Everybody has a story. This is mine. We go way back. My family is from Northern Ireland, coming to America sometime in the early 1770s. My great-great grandpa Charlie made it to Georgia and then to West Virginia where they settled in for awhile. I grew up in Toledo, Ohio, and moved to Wisconsin for work as a sales representative. I turned down a transfer opportunity and became a tried-and-true Badger. I loved Wisconsin and didn’t want to leave. I built my house in Cedarburg, Wisconsin, in 1976 and became a long-time resident.
I’m proud that I started the first high school soccer team program in Cedarburg. I’m proud also of my 25-year tenure with the city’s commission that oversees parks and pools and I am an active member in our Rotary. I found success as a director of advertising and as a senior account executive in an advertising agency. My last real adventure was starting a millwork business with a friend. Just about lost our ass the first year but pulled it out so now it’s a successful business that I retired from. Those are things I did to make a living so I could do what I love doing – making music.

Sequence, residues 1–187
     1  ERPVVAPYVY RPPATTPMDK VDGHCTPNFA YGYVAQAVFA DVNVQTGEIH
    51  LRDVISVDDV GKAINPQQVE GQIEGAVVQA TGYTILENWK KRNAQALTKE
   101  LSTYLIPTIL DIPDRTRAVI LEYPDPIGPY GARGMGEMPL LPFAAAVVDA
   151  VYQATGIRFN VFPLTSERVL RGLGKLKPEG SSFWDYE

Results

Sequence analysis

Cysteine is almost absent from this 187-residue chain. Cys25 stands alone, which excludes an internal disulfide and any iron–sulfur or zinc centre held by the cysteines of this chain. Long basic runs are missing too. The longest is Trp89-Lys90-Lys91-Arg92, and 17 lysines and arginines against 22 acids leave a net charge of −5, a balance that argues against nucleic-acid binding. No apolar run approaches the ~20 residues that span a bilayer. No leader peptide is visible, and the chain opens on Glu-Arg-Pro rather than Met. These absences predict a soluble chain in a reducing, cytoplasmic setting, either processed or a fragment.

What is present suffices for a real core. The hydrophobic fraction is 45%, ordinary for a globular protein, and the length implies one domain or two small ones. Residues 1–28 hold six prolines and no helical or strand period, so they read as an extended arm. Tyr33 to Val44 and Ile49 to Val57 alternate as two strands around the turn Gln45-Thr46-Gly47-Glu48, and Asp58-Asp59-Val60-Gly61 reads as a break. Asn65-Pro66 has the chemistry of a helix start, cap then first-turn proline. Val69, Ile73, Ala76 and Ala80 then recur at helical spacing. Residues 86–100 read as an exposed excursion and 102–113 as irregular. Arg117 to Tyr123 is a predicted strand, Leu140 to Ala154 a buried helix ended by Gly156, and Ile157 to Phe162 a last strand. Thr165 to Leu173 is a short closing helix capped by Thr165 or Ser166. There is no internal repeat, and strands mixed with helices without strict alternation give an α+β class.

In high school my instrument was the upright bass. Today, it’s rhythm bones introduced to me by my father when I was 30. He had forgotten all about them until I asked him “What were you doing when you rattled some sticks together?” “Why that’s playing the bones,” he said. He showed me the basic triplets with a couple wood slats then made me a pair from some old hickory– warped them in water.
In December, 2005, I had the opportunity to play with the Milwaukee Symphony at the Cedarburg Performing Arts Center. I was to play the bones, and wanted to do Parade of the Wooden Soldier. “No one knew what the bones were all about…including the conductor Andrew Massey.” I had to demonstrate playing the bones with the music for the conductor, who responded, “Well, I think it will be quite fine.” The conductor introduced Dave: “This fellow is going to do something with the bones.” He gave me seven seconds, but I spoke for two minutes. After my performance, I was given a standing ovation. (Read more interesting details of Dave’s story by clinking the link above)
If you are a rhythm bones player, Dave wrote about the “Responsibilities of a Bones Player” for the RBP Newsletter (click the link above).
This lively music is by Lisa Edgar and RazzMaTazz with Dave on rhythm bones, washboard, cymbal, and other percussion, and Joe Aaron on clarinet, Tom Los on revolving sousaphone, and Pete Runde on trombone. The rhythm bones begin about half way through the song, and include a rather nice bones solo.